Is Your Operating Plan on Track? Use a Dashboard
Middle-market GP Argand Partners uses customized data to track whether its portfolio companies are headed in the right direction
Having spent decades investing in private companies, Howard Morgan knows the winning feeling when a plan is a well-executed. He also knows the sinking feeling when it isn’t.
So, when evaluating investments for his relatively new private equity firm, Morgan crafts painstaking 100-day and medium-term strategic plans. This discipline includes tracking a mountain of data about the underlying operations, and looking for evidence that goals are being met. It also understand when helps operational intervention is in order.
Morgan, the former president of Castle Harlan who, along with former colleagues Tariq Osman and Heather Faust, founded Argand Partners in 2015, says the best private equity investors start tracking key performance indicators early. “We would want to start to work with management…even before we’re given the keys,” he says.
Like many firms, Argand creates customized dashboards for each portfolio company. Portfolio management reports core data on a monthly basis, and more comprehensive data quarterly.
“Too often financial reports are forensic, so we try to develop reports about what is happening on that day and what actions can be taken in the weeks following to improve, even if the company’s beating budget,” says Morgan. “We monitor cash and liquidity, for sure, but also backlog, unused capacity, plant loading, sales activity, sales calls. It’s quite customized.”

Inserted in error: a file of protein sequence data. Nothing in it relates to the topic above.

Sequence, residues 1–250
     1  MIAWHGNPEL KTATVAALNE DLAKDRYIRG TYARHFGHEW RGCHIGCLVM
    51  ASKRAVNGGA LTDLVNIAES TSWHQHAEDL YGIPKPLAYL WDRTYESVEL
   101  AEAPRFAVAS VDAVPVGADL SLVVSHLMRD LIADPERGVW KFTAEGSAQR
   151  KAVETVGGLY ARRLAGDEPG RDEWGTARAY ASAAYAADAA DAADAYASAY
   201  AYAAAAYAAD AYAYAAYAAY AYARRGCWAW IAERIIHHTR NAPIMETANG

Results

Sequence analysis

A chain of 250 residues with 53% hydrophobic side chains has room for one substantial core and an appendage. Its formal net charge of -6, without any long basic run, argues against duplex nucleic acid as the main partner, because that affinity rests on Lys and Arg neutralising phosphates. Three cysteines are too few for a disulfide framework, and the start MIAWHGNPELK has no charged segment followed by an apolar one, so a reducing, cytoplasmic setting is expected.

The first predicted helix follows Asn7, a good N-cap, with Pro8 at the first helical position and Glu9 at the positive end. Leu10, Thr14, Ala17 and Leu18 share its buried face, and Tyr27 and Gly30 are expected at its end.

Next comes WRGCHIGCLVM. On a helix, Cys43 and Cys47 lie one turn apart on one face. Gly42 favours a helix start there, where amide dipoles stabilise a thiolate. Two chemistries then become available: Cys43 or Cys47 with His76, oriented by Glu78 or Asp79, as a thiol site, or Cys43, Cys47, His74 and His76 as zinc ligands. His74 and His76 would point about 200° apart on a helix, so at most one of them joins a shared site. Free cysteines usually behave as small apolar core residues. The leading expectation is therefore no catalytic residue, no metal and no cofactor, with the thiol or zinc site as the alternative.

Morgan says he focuses on some granular, day-to-day activities that public company reports would never include. “One of the unusual practices, but which we feel is a best practice, is tracking direct cash flow, which is literally receipts and disbursements. Accrual accounting can hide a lot of things, but it ought to always reconcile back-to-cash accounting.”
Promoting Growth, Tracking Expenses
Outside of distressed investing, private equity investors rarely say they focus first on cutting costs at a portfolio company. Instead, the focus on growth strategies that can transform the fortunes of the company. Argand falls into the growth camp. “More often than not, we are adding resources to sales and marketing,” says Morgan.
That said, carefully tracking budgeted and actual expenses can help an investor better understand strategic priorities and how well value-add plans are being executed.
Says Morgan: “I can recall an instance where management was recommending a new advertising program. We were very, very enthusiastic. But their numbers seemed conservative. When we asked them why…they bluntly said that if it was any more, it might negatively impact their bonuses. We said, ‘Okay, well, we can fix that. We’d like you do double the program.’”
Once a plan of action has been set, Argand will use its dashboard to track whether the desired goals are reached. It’s not a simple as one metric, or one cost cut. Tracking travel spend, for instance, can be useful, but does not necessarily act as a leading indicator of sales.
“Certainly, you know, there have been instances where cost containment is pennywise and pound foolish. You need to see the client and put that in a travel budget. And if travel costs start falling and you also see fewer quotes, less activity, and a declining backlog, then you know there’s really a problem.”
Middle-market GP Argand Partners uses customized data to track whether its portfolio companies are headed in the right direction.
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